Moments after Buster Posey, the star catcher who guided the San Francisco Giants through the team’s greatest era with three World Series titles, surprisingly announced his retirement Thursday, one of his former bosses wanted to be sure.
“Is this a definite, like for sure thing?” Farhan Zaidi, the Giants’ president of baseball operations, said while seated near Posey during a news conference at Oracle Park. “I just had to ask.”
Posey was indeed serious — even after enjoying one of the best seasons of his career and leading the Giants to a franchise-record 107 wins and a National League West division title during the regular season. Despite those achievements, Posey, 34, felt it was time to walk away from playing.
“I want to be able to do more stuff from February to November with my family,” he said. “Physically it’s much harder now. And to be honest, it’s hard to enjoy it as much when there’s the physical pain that you’re dealing with on a daily basis.
“I halfway joke with our training staff about being done five years ago. But I don’t know how far of a stretch that’s really off without the work they were doing daily, with a history of an ankle injury and then a hip. It was just getting to the point where things that I was enjoying were not as joyful anymore.”
Playing 12 years in the major leagues takes its toll on the body, but no position is more demanding than catcher. Still, despite the wear and tear and injuries, Posey became one of the most accomplished players of his generation.
The Giants selected Posey, a Georgia native, out of Florida State University with the fifth overall pick in 2008, and he produced a splendid resume that may one day land him in the Baseball Hall of Fame.
Posey won the 2010 NL Rookie of the Year award and the 2012 NL MVP award in a career in which he won a batting title, was named to seven All-Star teams, received four Silver Slugger awards and won one Gold Glove award. And, of course, he won World Series titles in 2010, ‘12 and ‘14. Since the start of the 2010 season, only Mike Trout, the Angels’ three-time winner of the AL MVP, has recorded more wins above replacement (77.8) than Posey (57.8), according to FanGraphs.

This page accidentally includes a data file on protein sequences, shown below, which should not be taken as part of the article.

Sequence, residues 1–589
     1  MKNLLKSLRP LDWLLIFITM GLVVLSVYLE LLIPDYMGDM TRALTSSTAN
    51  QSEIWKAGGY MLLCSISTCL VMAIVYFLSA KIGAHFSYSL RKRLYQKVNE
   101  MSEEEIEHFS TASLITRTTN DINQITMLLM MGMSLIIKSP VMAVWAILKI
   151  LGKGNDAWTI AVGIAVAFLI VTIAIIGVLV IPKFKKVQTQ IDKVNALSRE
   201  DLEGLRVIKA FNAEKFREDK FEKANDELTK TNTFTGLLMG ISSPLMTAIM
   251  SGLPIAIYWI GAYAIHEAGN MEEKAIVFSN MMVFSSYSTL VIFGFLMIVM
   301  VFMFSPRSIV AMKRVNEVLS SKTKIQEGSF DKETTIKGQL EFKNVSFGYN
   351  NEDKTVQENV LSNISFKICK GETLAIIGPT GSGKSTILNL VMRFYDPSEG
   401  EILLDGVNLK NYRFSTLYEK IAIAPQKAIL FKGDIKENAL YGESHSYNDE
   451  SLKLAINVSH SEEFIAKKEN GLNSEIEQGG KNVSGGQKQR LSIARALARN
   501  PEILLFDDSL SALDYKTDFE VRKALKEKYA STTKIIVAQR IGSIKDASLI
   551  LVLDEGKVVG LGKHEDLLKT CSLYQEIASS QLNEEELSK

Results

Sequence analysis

“He not only excelled on the field, but he was a quiet leader that led by example,” said Giants chair Greg Johnson, who noted that he cried after Posey called last week to give him the news. “He has been the consummate professional, both on and off the field.”
The MVP, batting title and World Series championship in 2012 may be his most impressive achievements on the field and they came shortly after his career was nearly derailed. During a game in May 2011, Posey was injured in a collision at the plate with the Florida Marlins’ Scott Cousins. A lower leg bone was broken and three ligaments in his ankle were torn. Screws were inserted during surgery. Many worried if he would ever be the same. (The incident eventually led to new rules to protect catchers from such collisions.)
After an excruciating rehabilitation, Posey returned in 2012 to hit .336 with 24 home runs and 103 RBIs over 148 games and win his second ring. Six years later, he also underwent surgery for a hip injury.
At his news conference Thursday, Posey declined to detail how much his body had hurt in recent years because he said he didn’t want to make excuses for any down performances. He said going out on his own terms was a factor in his decision, given that so many star players see a steep decline or eventually get pushed out.
Being around his family more was a bigger reason to retire. Posey forfeited his salary and opted out of the 2020 coronavirus-shortened season to be at home after he and his wife, Kristen, adopted twins, who were hospitalized in a neonatal intensive care unit after birth.
Posey said he returned this season because he wanted to prove that he could still play at a high level after having the worst season of his career in 2019 and missing 2020. Rested throughout the season, he produced the second highest on-base plus slugging percentage (.889) of his career and led the surprising Giants in upsetting the defending World Series champion Los Angeles Dodgers, who had won eight consecutive division titles, for the NL West crown. (They fell to the 106-win Dodgers in a division series in the playoffs.)
Entering 2021, the final guaranteed season of his nine-year $167 million extension, Posey said he had a feeling it would be his last. And as the season went on, he never wavered. Even after playing well, he wasn’t swayed.
“That’s part of the reason I do feel at peace with my decision, because it would obviously be much harder if I felt otherwise,” said Posey, whose contract had a $22 million club option for 2022.
Posey said he would miss the camaraderie of and competing alongside his teammates and team officials, and seeing fans every day. But he said he expected to remain involved with the Giants somehow. Johnson said the team was still ironing out a future role for Posey off the field.
This article originally appeared in The New York Times.